For some reason it’s known locally as The Queen of Sheba's Palace, although no-one has any idea why. But there are lovely views, overlooking the plain, to the sea, from our plateau. Even if it isn't very cool, after my climb.
The Hajar Range is home to the highest mountains in the UAE. The tallest is Jebel Jais, at 1,934 metres, but there's some debate as to whether it counts. It's on the border with Musandam and the summit is located on the Omani side. A high point west of this peak is considered the highest point in the United Arab Emirates, at 1,892 metres. The highest peak in the UAE is Jabal ar Raḩraḩ (1,691 metres).
And now we're driving west, through the dramatic, starkly brown mountains, to Fujairah, the only emirate wholly on the east coast of the peninsula.
The Sharqiyin tribe, are in charge of the Emirate of Fujairah, controlling old trade routes via Wadi Ham and Wadi Abadilah. The modern roads we’re driving today follow these routes, through the mountains.
The east coast of what is now the UAE used to be known as the Shamaliyah, and was part of Muscat until it was annexed by Al Qasimi of Sharjah, in 1850. (Apparently Oman agreed). In 1901, when the emirate consisted of some 150 houses, 3,000 date palms and some pearling businesses, Sheikh Hamad bin Abdullah Al Sharqi, chief of the Sharqiyin, declared independence from Sharjah. The declaration was recognised by most of the Trucial Sheikhs and also by Muscat, but not by the British, who found the new ruler 'antagonistic'.
The British gave in, in 1952, in order to facilitate the signing of oil treaties At the same time, Sharjah took control of the southerly city of Kalba, forming an exclave (and other areas too it transpires). But we're right in the north. Past Dibbah, another exclave belonging to Sharjah and south beside the sea, alongside the many popular beaches. Like most Arab states, Fujairah likes its roundabout decoration.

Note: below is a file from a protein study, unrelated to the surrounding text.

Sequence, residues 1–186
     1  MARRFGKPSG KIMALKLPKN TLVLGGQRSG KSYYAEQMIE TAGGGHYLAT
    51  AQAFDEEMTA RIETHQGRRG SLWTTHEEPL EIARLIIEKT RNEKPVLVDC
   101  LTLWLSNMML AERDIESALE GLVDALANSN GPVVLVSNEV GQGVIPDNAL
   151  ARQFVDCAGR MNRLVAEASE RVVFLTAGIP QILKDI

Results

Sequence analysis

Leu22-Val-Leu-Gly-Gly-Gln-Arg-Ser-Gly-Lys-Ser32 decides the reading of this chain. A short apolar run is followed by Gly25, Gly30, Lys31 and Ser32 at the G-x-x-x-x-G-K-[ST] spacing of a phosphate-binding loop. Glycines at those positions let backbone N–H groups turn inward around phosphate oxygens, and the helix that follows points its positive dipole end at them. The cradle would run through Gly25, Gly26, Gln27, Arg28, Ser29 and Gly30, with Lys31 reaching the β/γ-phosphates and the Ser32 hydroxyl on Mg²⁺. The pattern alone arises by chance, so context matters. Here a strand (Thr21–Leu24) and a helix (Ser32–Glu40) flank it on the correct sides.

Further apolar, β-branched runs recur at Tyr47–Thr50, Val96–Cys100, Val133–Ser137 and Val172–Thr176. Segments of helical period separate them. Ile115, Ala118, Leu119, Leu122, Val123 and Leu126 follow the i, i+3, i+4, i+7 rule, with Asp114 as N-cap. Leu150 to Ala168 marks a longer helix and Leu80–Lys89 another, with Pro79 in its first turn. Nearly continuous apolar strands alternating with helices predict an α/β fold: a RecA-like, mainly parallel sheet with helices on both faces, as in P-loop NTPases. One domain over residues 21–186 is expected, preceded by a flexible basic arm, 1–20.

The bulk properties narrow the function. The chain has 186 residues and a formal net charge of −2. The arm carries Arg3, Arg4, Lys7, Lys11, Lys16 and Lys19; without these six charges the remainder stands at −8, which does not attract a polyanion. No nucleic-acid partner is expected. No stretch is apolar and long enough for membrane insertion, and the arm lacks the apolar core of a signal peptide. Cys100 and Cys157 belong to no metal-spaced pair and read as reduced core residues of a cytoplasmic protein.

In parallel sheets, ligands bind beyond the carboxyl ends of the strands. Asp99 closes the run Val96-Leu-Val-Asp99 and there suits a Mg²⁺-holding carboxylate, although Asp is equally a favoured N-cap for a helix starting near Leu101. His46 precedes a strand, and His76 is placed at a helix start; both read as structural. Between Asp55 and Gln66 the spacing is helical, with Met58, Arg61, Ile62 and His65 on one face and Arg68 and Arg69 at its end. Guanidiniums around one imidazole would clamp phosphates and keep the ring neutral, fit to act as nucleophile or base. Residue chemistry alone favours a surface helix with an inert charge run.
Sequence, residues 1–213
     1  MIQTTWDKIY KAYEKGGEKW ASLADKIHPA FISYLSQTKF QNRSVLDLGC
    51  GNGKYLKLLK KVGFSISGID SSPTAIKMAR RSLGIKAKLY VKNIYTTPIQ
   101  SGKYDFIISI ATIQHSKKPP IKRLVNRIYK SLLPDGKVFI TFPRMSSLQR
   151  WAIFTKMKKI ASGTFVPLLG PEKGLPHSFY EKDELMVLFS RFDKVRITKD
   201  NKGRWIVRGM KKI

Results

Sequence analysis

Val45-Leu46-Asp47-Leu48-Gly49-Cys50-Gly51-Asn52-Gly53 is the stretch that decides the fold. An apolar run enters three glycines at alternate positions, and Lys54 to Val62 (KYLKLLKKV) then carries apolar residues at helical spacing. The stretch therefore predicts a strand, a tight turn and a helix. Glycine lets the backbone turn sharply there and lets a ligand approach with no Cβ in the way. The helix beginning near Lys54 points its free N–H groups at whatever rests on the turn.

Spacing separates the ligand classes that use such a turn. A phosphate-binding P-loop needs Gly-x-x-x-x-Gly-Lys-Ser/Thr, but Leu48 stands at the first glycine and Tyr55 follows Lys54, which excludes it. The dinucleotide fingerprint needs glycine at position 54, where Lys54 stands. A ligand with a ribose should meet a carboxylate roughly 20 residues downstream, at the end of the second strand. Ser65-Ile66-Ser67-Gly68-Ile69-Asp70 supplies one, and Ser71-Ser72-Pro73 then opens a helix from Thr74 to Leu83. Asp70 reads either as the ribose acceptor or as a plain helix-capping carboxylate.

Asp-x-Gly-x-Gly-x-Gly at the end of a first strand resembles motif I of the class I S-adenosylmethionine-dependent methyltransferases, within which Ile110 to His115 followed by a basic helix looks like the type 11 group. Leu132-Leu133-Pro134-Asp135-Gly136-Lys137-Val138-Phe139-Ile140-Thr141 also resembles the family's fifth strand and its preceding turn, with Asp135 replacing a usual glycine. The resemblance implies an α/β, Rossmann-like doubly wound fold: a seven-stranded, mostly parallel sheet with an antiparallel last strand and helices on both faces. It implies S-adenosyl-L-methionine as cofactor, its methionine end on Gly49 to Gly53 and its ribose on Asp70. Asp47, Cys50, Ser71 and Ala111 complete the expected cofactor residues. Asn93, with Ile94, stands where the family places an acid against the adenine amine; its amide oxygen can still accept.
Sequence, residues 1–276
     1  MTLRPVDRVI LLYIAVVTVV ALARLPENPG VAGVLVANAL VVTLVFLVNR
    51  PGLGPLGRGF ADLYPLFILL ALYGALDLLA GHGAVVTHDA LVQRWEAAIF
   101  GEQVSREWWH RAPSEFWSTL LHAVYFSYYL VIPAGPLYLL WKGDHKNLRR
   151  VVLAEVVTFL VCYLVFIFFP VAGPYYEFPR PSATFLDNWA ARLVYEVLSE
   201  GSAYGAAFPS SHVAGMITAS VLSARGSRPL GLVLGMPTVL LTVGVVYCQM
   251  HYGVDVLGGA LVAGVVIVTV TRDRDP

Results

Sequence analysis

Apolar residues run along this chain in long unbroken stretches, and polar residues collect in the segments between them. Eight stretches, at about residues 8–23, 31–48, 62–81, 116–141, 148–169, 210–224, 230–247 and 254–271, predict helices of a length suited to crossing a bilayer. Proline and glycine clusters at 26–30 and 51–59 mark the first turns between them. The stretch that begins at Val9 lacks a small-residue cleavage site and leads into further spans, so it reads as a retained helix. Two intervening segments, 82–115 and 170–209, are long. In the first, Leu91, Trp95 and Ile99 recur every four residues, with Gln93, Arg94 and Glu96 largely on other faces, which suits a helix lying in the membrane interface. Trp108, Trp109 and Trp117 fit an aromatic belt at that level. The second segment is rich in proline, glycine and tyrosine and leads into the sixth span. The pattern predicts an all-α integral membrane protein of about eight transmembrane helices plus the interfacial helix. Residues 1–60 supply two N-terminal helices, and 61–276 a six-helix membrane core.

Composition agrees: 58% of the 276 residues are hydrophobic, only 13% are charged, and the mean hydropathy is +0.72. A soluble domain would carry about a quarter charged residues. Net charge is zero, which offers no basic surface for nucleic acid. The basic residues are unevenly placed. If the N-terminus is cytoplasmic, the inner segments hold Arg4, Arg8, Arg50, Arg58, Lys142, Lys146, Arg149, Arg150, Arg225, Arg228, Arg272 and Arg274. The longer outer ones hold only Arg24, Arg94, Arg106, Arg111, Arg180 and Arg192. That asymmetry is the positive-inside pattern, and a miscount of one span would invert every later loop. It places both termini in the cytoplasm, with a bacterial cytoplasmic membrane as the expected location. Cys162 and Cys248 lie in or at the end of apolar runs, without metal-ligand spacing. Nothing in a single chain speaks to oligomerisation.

Now we're in yet another enclave of Sharjah. I'm totally bemused and glad I'm not the cartographer - or the navigator. This one is called Khor Fakkan. It lays claim to golden beaches edged with walkways, an ugly concrete like waterfall and, a natural deep sea port, very handy to maintain Sharjah's access to the eastern seaboard. The Khorfakken Monument, on a roundabout, here depicts an incense burner (mabkhara) - as these are strongly embedded in Arab hospitality. This one even has fog machines, to produce the incense effect. Low level only - we don't want to cause accidents.
Nipping back into the Hajar Mountains, there's a fort or two and a restful park with a lake, created by a dam at Al Rafisa. It's a gorgeous spot, and no doubt the water is a necessity in such an arid country. But they sacrificed a village to create it. I'm told you can see the rooftops when the water recdes.
Back in Fujairah again (I think). The tiny Al-Bidya (or Ottoman) Mosque claims that it's the oldest known mosque in the country, perhaps dating back to 1446. It's quaintly built of mud and stone, with nipple like domes. It was thought to have had watchtowers, (there's a fort above), but no minaret.
However, I've read that, in 2018, the ruins of a 1000-year-old mosque (dating back to the Islamic Golden Age), were discovered, near the Sheikh Khalifa Bin Zayed Al Nahyan Mosque in Al Ain, in Abu Dhabi.
South, another 25 miles, to Fujairah City. This has a huge and important port and Free Zone. It provides direct access to the Indian Ocean for the United Arab Emirates, avoiding use of the Persian Gulf, which requires access via the Strait of Hormuz. The northern part of the waterfront is lined, endlessly (it seems), with cylindrical tanks for oil storage.
The main sight here is the restored Fujairah Fort and the nearby Fujairah Museum. (It boasts its home to an ostrich egg 2,500 years old.) The main mosque is the large white Sheikh Zayed Mosque, the second largest in the UAE, with the same name, as the largest, in Abu Dhabi, This one can hold around 28,000 worshippers. It's a landmark, visible from a very long way away.
Finally, the highway back to Dubai. Through still more bits of Sharjah, with some impressively huge educational and government buildings.